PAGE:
Tag Archive | de

Special Cases with “de”

Many verbs and verbal expressions require de before an infinitive complement. Among them are verbs signifying an interruption of the action expressed by the infinitive.

Special Cases with “de”

S’indiquer de is usually translated as “it makes (someone) indignant that”.

  • Le prof s’indigne de voir que nous ne travaillons pas.
  • It makes the professor indignant to see that we are not studying.

Se souvenir de is most often followed by the infinitive of the auxiliary + the past participle (the perfect infinitive).

  • Je ne me souviens pas de l’avoir vu.
  • I don’t remember having seen him.
  • Elle ne se souvient pas d’être sortie avec lui.
  • She doesn’t remember going out with him.

In French, n’oubliez pas de is used to tell someone to remember to do something.

  • N’oubliez pas de rédiger le rapport.
  • Remember to write up the report.

Bien faire de means “to be right in (doing something), to do the wise thing by (doing something)”.

  • Tu as bien faire de nous prévenir.
  • You were wise to let us know.

Venir de means “to have just (done something)”.

  • Il n’est plus là. Il vient de quitter le bureau.
  • He’s not here anymore. He has just left the office.

See you all next week, everyone. Have a good one!

A bientôt !



The Partitive Construction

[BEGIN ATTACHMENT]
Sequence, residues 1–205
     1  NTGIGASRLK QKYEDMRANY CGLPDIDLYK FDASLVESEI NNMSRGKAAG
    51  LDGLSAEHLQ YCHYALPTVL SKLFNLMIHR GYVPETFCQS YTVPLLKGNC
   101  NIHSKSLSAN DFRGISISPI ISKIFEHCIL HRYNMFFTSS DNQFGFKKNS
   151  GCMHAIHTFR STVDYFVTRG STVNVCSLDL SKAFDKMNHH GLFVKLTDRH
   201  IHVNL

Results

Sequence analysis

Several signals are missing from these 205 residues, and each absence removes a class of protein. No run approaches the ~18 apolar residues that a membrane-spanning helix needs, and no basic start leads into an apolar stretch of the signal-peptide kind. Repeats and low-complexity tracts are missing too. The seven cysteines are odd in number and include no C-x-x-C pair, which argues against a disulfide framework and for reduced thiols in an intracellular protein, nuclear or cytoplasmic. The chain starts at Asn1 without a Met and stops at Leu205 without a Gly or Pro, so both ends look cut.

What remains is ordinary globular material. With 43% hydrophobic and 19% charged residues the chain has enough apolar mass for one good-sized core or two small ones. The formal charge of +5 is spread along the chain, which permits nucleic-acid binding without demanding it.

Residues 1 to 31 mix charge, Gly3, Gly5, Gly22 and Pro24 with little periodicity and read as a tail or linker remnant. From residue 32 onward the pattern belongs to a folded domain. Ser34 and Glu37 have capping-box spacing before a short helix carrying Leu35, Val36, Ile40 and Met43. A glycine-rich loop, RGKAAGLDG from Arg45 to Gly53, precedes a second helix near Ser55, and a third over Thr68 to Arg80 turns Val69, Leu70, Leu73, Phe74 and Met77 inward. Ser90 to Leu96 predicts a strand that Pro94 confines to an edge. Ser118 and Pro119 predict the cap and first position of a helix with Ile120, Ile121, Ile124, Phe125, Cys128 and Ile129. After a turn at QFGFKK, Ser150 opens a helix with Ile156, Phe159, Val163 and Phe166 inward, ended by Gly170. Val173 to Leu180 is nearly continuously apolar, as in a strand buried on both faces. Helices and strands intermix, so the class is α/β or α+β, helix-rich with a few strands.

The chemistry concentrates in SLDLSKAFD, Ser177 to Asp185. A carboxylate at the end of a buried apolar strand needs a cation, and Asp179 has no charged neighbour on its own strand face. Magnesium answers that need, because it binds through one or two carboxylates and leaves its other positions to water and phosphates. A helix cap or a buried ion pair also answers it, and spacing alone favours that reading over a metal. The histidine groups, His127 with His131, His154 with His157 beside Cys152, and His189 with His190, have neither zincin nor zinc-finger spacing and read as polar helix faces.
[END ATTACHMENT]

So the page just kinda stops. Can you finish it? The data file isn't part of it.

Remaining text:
The Partitive Construction

In English, words like “some” or “any” are understood in sentences like: “Do you want coffee?” or “We have have apples and bananas.” English eliminates the need to use “some” or “any”. French, however, requires the partitive construction, which means that the words “some” or “any” must be expressed.

“Some” or “any” are represented in French by the preposition de plus the form of the definite article that agrees in gender and number of the noun it follows. Before a masculine singular noun, the expression du is used; before a feminine singular noun, de la is used; de l’ is used before a masculine or feminine singular noun which begins with a vowel or a silent h; and before a masculine or feminine plural noun, des is used.

  • Voulez-vous du cafe? – Do you want (some, any) coffee?
  • Nous avons des bananes et des pommes. – We have (some) bananas and (some) apples.

The negative requires de alone, without the article.


  • Nous avons du fromage. – We have (some) cheese.
  • Il y a des poires. – There are (some) pears.
  • Elle a des amis ici. – She has (some) friends here.


  • Nous n’avons pas de fromage. – We don’t have any cheese.
  • Il n’y a pas de poires. – There aren’t any pears.
  • Elle n’a pas d’amis ici. – She does’t have any friends here.


Have a great week, readers! Please let me know if I can help you with anything. I am happy to help.

Until next time. À bientôt !